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6.26 Compound Literals

A compound literal looks like a cast of a brace-enclosed aggregate initializer list. Its value is an object of the type specified in the cast, containing the elements specified in the initializer. Unlike the result of a cast, a compound literal is an lvalue. ISO C99 and later support compound literals. As an extension, GCC supports compound literals also in C90 mode and in C++, although as explained below, the C++ semantics are somewhat different.

Usually, the specified type of a compound literal is a structure. Assume that struct foo and structure are declared as shown:

struct foo {int a; char b[2];} structure;

Here is an example of constructing a struct foo with a compound literal:

structure = ((struct foo) {x + y, 'a', 0});

This is equivalent to writing the following:

  struct foo temp = {x + y, 'a', 0};
  structure = temp;

You can also construct an array, though this is dangerous in C++, as explained below. If all the elements of the compound literal are (made up of) simple constant expressions suitable for use in initializers of objects of static storage duration, then the compound literal can be coerced to a pointer to its first element and used in such an initializer, as shown here:

char **foo = (char *[]) { "x", "y", "z" };

Compound literals for scalar types and union types are also allowed. In the following example the variable i is initialized to the value 2, the result of incrementing the unnamed object created by the compound literal.

int i = ++(int) { 1 };

As a GNU extension, GCC allows initialization of objects with static storage duration by compound literals (which is not possible in ISO C99 because the initializer is not a constant). It is handled as if the object were initialized only with the brace-enclosed list if the types of the compound literal and the object match. The elements of the compound literal must be constant. If the object being initialized has array type of unknown size, the size is determined by the size of the compound literal.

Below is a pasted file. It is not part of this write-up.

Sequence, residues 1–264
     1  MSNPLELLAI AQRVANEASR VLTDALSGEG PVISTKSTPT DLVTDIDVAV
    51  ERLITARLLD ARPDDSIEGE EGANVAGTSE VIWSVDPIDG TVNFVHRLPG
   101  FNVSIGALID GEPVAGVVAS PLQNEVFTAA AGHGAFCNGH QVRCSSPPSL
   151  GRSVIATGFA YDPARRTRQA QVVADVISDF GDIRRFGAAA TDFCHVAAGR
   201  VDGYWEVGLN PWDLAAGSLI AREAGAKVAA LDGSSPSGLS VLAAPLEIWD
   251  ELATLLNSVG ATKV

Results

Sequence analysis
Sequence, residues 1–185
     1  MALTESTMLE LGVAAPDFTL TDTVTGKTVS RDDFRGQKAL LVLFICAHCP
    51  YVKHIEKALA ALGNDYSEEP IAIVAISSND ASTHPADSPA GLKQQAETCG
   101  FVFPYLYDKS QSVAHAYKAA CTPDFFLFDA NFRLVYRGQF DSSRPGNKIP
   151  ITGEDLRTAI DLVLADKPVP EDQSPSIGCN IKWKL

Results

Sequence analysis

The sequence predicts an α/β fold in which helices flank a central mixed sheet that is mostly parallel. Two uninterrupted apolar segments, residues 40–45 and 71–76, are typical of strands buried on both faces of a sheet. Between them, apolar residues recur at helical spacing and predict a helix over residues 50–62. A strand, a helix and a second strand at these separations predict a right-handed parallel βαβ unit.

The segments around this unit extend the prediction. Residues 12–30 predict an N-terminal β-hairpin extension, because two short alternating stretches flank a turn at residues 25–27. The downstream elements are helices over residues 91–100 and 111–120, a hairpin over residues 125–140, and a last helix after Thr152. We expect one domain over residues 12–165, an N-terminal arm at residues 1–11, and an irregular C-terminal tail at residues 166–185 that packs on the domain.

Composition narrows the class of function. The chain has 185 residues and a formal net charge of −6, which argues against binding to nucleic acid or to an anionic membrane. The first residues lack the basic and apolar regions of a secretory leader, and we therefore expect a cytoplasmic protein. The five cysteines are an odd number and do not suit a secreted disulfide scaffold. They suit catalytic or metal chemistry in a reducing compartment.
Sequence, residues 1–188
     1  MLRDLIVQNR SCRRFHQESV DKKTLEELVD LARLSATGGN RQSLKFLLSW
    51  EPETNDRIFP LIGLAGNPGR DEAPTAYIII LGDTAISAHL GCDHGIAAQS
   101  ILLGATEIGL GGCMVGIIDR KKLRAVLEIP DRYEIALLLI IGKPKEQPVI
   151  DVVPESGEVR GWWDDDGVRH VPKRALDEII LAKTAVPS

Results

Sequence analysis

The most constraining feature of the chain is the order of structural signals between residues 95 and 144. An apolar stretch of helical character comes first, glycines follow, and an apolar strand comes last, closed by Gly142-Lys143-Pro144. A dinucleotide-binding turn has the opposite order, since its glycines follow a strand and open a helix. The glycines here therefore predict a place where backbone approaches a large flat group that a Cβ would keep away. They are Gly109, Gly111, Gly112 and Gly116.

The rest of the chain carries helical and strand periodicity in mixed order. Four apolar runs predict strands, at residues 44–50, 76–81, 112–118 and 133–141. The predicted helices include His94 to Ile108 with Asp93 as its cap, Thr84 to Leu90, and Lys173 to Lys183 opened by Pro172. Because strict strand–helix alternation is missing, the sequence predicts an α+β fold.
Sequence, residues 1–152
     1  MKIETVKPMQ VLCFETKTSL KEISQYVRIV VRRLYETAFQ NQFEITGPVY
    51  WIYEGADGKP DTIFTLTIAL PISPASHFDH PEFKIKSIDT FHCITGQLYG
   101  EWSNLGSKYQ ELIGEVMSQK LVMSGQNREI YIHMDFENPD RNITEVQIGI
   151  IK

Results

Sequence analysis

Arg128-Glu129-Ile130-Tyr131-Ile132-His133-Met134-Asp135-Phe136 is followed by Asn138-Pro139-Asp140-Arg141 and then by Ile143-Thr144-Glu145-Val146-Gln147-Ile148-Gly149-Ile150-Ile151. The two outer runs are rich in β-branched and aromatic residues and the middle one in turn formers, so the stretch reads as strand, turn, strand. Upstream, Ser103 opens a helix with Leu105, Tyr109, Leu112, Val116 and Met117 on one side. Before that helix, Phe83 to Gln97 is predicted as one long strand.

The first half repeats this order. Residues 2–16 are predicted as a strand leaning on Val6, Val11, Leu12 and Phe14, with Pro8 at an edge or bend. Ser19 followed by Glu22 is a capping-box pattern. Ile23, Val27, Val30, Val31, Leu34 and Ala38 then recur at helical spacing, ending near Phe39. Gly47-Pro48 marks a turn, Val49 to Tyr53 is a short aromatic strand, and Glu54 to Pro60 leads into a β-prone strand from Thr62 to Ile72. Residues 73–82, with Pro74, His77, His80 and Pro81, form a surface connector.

static struct foo x = (struct foo) {1, 'a', 'b'};
static int y[] = (int []) {1, 2, 3};
static int z[] = (int [3]) {1};

The above lines are equivalent to the following:

static struct foo x = {1, 'a', 'b'};
static int y[] = {1, 2, 3};
static int z[] = {1, 0, 0};

In C, a compound literal designates an unnamed object with static or automatic storage duration. In C++, a compound literal designates a temporary object that only lives until the end of its full-expression. As a result, well-defined C code that takes the address of a subobject of a compound literal can be undefined in C++, so G++ rejects the conversion of a temporary array to a pointer. For instance, if the array compound literal example above appeared inside a function, any subsequent use of foo in C++ would have undefined behavior because the lifetime of the array ends after the declaration of foo.

As an optimization, G++ sometimes gives array compound literals longer lifetimes: when the array either appears outside a function or has a const-qualified type. If foo and its initializer had elements of type char *const rather than char *, or if foo were a global variable, the array would have static storage duration. But it is probably safest just to avoid the use of array compound literals in C++ code.

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